Rev. Richard Bentley

Alexander Pope, in The Dunciad (1728; 1742); Works, ed. Warton (1796-97) 5:254-57.

Mistress! dismiss that rabble from your throne:
Avaunt! — is Aristarchus yet unknown?
The mighty scholiast whose unweary'd pains
Made Horace dull, and humbled Maro's strains;
Turn what they will to verse, their toil is vain,
Critics like me shall make it prose again.
Roman and Greek Grammarians! know your Better:
Author of something yet more great than Letter:
While tow'ring o'er your Alphabet, like Saul,
Stands our Digamma, and o'ertops them all.
'Tis true, on Words is still our whole debate,
Dispute of "Me" or "Te," of "aut" or "at,"
To sound or sink in "cano," "O" or "A,"
Or give up Cicero to "C" or K."
Let Freind affect to speak as Terence spoke,
And Alsop never but like Horace joke:
From me, what Virgil, Pliny may deny,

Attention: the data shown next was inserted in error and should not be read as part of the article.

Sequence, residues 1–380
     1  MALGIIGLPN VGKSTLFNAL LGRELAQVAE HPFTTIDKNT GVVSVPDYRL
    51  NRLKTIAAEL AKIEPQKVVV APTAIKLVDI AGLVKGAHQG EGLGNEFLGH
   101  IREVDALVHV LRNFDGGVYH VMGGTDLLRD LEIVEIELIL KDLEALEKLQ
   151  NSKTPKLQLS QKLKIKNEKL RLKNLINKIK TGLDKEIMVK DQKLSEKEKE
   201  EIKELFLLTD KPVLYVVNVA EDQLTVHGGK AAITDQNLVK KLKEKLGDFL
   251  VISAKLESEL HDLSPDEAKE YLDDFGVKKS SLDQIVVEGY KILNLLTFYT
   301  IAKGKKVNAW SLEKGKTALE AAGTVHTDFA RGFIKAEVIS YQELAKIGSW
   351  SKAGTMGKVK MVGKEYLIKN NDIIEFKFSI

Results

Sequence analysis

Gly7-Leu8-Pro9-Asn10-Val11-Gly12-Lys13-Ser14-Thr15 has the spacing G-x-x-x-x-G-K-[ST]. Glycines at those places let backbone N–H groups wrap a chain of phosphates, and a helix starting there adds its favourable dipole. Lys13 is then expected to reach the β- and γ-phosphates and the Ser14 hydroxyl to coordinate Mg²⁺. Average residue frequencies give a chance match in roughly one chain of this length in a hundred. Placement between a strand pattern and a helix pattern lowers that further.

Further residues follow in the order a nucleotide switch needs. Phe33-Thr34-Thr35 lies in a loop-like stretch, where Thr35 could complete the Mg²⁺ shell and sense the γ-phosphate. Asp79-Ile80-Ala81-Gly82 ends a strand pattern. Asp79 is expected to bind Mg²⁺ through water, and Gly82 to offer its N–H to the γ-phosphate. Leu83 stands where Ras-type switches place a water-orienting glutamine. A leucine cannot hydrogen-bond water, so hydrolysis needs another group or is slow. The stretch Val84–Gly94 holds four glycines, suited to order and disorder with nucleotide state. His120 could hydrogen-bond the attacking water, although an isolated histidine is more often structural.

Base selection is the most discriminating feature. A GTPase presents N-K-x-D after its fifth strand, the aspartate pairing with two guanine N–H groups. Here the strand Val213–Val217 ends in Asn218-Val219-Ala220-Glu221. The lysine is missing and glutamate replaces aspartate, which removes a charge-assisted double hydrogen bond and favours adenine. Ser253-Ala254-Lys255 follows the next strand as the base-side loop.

Manilius or Solinus shall supply:
For Attic phrase in Plato let them seek;
I poach in Suidas for unlicenc'd Greek.
In ancient Sense if any needs will deal,
Be sure I give them Fragments, not a Meal;
What Gellius or Strobaeus hash'd before,
Or chew'd by blind old Scholiasts o'er and o'er.
The critic Eye, that microscope of Wit,
Sees hairs and pores, examines bit by bit:
How parts relate to parts, or they to whole,
The body's harmony, the beaming soul,
Are things which Kuster, Burman, Wasse shall see,
When Man's whole frame is obvious to a Flea.